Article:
Hard drives can be loud. Multiple hard drives are louder. Multiple
high-RPM hard drives can get downright annoying. While the screeching
sound of a hard drive reading data has become an "accepted" noise
for the PC, many disk manufacturers are now putting out drives with
acoustics in mind.
Most of these "low-noise" drives have started off at the relatively
low spindle speed of 5,400 RPM, which unfortunately, is unacceptable
for most performance PC's. Thankfully, some of the brand new drives
hitting the market now are combining the acoustic tweaks found in
the lower-speed drives, but now come with a nice and speedy 7,200
RPM spindle speed.
One of the key features in quiet hard drives are fluid bearings, which
are featured in many new drives. The addition of fluid bearings makes
a very pleasant acoustical difference when it comes to idle disk operation,
where no data is bring accessed. Some of these include IBM's Deskstar
60GXP, Seagate's Barracuda IV, and Maxtor's DiamondMax Plus 740DX,
to name a few.
Personally, I've fallen in love with Seagate's new Barracuda IV hard
drives. They're absolutely dead silent, and pretty quick to boot.
These drives even have a layer of acoustic foam integrated right into
the bottom of the hard drive, which muffles any little sound that
the drives do make during seeks. Unfortunately, these drives do run
a little warmer than most of the other "silent" drives, but there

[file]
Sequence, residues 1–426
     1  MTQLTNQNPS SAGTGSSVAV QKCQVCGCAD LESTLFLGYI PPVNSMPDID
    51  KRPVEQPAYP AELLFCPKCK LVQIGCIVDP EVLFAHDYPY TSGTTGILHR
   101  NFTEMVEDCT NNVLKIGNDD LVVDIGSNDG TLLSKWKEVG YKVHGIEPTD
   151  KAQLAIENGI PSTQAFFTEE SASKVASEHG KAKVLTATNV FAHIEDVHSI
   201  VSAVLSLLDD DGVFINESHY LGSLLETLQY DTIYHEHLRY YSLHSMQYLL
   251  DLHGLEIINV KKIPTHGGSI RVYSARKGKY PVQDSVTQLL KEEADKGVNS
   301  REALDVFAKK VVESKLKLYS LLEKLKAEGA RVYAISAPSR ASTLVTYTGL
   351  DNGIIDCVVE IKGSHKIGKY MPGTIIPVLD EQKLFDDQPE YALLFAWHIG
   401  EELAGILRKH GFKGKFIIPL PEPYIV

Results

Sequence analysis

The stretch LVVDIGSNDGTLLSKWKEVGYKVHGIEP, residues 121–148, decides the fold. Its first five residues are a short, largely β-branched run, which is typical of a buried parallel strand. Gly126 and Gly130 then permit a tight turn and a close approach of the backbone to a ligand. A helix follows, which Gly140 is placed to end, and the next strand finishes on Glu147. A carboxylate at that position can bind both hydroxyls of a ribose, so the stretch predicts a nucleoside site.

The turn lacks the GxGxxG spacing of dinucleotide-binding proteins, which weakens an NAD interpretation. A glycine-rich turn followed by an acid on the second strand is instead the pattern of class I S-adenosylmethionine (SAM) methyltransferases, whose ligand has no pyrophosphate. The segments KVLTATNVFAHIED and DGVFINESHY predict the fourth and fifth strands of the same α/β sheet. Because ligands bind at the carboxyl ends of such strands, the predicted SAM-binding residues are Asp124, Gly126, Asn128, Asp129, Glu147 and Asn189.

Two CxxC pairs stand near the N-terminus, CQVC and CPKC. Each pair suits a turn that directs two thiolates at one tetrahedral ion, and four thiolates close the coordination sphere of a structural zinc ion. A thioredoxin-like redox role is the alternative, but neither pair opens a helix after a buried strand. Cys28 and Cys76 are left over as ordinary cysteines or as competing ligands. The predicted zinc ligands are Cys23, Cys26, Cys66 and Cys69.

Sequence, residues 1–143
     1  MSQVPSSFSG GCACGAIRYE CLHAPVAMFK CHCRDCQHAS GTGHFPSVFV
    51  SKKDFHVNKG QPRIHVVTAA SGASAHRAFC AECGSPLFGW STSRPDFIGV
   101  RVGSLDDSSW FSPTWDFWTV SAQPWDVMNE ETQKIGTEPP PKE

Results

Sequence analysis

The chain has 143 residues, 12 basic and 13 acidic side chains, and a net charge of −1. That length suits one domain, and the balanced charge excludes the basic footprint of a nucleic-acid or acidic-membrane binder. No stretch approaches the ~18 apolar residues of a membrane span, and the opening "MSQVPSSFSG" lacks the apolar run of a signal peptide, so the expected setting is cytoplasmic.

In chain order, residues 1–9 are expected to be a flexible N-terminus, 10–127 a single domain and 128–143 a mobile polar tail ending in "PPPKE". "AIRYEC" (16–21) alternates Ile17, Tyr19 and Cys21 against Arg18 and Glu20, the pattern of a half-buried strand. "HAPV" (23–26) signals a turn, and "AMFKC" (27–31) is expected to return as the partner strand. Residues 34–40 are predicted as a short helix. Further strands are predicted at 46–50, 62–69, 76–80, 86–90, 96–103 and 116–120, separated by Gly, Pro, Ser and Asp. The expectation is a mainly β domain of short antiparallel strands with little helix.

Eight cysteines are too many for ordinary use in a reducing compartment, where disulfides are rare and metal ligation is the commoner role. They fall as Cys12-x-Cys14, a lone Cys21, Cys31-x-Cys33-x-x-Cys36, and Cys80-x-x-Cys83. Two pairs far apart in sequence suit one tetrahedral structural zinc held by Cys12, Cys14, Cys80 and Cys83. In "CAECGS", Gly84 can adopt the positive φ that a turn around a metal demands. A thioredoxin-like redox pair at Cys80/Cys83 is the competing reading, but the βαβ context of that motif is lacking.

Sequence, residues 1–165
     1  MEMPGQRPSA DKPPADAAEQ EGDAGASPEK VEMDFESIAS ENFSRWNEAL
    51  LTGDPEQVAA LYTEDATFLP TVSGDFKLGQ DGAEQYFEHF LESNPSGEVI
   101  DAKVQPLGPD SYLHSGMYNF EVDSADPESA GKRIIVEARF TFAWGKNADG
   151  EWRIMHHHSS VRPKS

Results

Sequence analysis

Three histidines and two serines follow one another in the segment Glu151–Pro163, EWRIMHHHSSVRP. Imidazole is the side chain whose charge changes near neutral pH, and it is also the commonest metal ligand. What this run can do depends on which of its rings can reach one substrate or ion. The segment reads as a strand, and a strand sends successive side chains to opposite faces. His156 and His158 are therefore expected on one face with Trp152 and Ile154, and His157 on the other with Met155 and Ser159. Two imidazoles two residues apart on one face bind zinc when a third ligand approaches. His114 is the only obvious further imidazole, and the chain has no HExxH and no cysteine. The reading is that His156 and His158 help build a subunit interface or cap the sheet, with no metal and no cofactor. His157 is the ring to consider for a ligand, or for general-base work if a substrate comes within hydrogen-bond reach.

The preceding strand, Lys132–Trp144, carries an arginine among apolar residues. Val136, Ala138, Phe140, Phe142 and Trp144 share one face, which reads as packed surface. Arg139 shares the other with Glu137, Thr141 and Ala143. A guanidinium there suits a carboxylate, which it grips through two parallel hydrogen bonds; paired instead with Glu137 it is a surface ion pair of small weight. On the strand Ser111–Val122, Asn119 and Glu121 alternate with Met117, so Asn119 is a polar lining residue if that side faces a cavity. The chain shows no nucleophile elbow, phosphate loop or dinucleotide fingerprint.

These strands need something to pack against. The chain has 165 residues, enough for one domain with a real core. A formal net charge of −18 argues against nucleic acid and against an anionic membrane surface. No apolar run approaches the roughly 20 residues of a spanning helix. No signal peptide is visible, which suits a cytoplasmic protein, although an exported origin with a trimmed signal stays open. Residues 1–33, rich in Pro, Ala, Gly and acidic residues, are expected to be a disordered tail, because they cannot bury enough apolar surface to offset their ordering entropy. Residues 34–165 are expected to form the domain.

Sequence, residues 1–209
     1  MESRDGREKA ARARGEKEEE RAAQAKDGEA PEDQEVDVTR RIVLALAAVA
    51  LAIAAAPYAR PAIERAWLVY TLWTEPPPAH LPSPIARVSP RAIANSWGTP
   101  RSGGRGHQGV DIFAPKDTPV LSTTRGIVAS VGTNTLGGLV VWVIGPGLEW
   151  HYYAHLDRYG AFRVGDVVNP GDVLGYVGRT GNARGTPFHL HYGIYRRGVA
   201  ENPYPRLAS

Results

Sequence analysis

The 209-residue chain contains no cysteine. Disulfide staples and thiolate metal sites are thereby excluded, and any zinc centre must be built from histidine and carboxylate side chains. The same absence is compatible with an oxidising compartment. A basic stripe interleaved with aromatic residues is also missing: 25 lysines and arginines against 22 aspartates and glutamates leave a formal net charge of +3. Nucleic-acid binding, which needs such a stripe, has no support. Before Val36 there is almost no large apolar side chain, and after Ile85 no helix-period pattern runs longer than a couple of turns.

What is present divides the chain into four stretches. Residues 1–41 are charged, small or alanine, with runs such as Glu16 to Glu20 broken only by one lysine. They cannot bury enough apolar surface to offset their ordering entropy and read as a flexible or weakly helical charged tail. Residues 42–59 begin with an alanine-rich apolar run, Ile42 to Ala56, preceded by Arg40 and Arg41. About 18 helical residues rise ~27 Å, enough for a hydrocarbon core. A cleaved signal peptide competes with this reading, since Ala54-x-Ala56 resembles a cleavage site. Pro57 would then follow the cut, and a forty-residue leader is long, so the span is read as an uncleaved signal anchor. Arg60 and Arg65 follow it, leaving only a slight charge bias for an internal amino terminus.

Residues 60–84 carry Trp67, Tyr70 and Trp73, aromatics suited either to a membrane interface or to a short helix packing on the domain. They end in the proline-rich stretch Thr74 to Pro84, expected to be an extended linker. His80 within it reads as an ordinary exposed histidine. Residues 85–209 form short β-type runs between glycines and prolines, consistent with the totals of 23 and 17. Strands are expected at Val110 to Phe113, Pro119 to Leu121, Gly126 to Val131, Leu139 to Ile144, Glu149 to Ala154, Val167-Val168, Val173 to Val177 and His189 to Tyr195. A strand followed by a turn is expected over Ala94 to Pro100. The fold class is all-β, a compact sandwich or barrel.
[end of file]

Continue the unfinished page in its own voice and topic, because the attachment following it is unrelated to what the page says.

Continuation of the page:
is something you can do about it.
CoolDrive - Cooling / Noise Reduction
Surround and Muffle It: One of the keys to silencing the hard drive
is getting a stable surrounding to minimize vibrations created by
the hard drives. The higher the spindle speed of the hard drive (7,200
to 15,000 RPM), the more vibrations you receive in turn. Putting hard
drives in a strong enclosure can help minimize vibrations, but in
turn, also raises drive temperatures as the drives cannot breathe.
One popular way of cooling hot hard drives is to surround them in
an aluminum bezel, and cool them with one or more fans, bringing in
air from the outside. There are many of these available on the market
now, but the most prominent are from the two aluminum case makers,
Coolermaster, and Lian Li. Coolermaster's Cooldrive seems to be the
better made of the two, and does a fantastic job of brining heat off
the hard drive and onto the aluminum heatsink/bezel around the drive.
Unfortunately, many of these hard drive-cooling units (including Coolermaster's)
have obsessively noisy fans in the front. While we would recommend
keeping the fan active for drives with spindle speeds above 10,000
RPM, at speeds below 10,000 RPM, active fan cooling really isn't needed.
For a truly quiet PC, you can place the hard drive inside one of these
aluminum hard drive coolers and disable the fans. The hard drive enclosure
will muffle the hard drive noise, and you'll still get decent cooling
from the external aluminum heatsink. Win, win situation!